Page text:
Driftless Information

What is the “Driftless” Area?

DriftlessTo understand why northeast Iowa, southeast Minnesota, and southwest Wisconsin are collectively known as the “Driftless Area,” you must first look back hundreds of thousands of years.

Throughout time, parts of North America have been covered by glaciers, towering masses of dense ice formed over centuries by the compaction of layer upon layer of snow. Glaciers are so massive they move under their own weight. Over time, they have repeatedly advanced and retreated from the upper half of North America, down through the Upper Midwest and Great Lakes region. As they did so, the ice sheets scoured, ground down, and flattened the landscape, leaving behind silt, sand, gravel, boulders, and other debris known as “glacial drift” when they receded.

The Driftless Area was missed by the most recent glaciation, and maybe others before it. The glaciers advanced and retreated around, but not over, the region. And so, the land was not ground down and covered by deposits of glacial drift. Hence, the “Driftless” area.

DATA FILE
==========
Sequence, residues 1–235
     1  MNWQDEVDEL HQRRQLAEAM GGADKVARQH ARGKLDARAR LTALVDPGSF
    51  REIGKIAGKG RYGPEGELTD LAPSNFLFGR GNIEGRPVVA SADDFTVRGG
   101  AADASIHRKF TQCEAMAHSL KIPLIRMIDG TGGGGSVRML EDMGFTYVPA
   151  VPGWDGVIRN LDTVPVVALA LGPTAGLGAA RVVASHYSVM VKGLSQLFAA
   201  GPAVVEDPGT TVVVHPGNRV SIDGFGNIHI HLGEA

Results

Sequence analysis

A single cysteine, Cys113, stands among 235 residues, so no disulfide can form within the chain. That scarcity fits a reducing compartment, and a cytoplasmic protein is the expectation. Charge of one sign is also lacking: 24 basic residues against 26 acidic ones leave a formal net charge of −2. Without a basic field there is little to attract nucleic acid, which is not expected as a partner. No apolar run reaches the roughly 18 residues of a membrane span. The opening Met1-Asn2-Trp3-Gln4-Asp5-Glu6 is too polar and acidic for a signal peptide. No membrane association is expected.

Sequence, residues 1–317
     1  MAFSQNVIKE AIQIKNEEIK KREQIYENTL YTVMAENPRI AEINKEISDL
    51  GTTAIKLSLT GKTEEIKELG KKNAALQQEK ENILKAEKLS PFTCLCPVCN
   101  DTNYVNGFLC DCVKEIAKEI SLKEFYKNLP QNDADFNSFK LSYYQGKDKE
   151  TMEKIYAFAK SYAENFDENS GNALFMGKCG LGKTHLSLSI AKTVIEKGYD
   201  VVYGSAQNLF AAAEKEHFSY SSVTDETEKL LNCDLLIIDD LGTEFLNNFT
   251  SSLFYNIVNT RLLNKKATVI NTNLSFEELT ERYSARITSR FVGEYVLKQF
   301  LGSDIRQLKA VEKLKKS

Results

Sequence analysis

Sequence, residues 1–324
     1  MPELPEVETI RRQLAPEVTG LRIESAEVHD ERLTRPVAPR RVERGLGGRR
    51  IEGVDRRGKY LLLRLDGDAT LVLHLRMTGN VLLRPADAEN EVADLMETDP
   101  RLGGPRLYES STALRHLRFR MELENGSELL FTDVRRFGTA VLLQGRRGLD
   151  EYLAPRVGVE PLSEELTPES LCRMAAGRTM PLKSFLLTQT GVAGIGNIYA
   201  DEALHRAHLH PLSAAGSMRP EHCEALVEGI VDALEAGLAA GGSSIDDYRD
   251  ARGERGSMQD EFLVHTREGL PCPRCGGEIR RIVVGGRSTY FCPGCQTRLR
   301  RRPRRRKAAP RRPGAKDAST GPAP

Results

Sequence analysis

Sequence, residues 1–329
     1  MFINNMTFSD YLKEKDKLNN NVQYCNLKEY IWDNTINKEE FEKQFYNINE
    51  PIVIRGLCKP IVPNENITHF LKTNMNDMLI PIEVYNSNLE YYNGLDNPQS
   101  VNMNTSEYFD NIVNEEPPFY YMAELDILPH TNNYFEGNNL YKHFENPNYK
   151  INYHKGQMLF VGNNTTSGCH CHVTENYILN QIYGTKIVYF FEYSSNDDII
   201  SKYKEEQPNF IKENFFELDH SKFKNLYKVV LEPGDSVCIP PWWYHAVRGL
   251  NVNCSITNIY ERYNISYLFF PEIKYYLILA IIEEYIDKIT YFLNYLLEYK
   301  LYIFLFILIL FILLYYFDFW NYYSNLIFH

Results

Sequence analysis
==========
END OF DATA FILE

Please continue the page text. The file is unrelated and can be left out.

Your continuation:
You can see this geological evidence as you explore the Driftless Area: the deep valleys, exposed bedrock, and towering bluffs are all there because the rivers and streams of the area have had millions of years to carve and erode the underlying bedrock, their work never erased by the flattening of the land and laying down of new sediment.
The area is also defined by its unique karst topography. Its underlying bedrock of limestone, dolomite, and other rocks are slowly dissolved by water, creating caves, sinkholes, springs, and coldwater streams unique to this part of the Midwest, creating remarkable natural wonders just waiting for you to discover.

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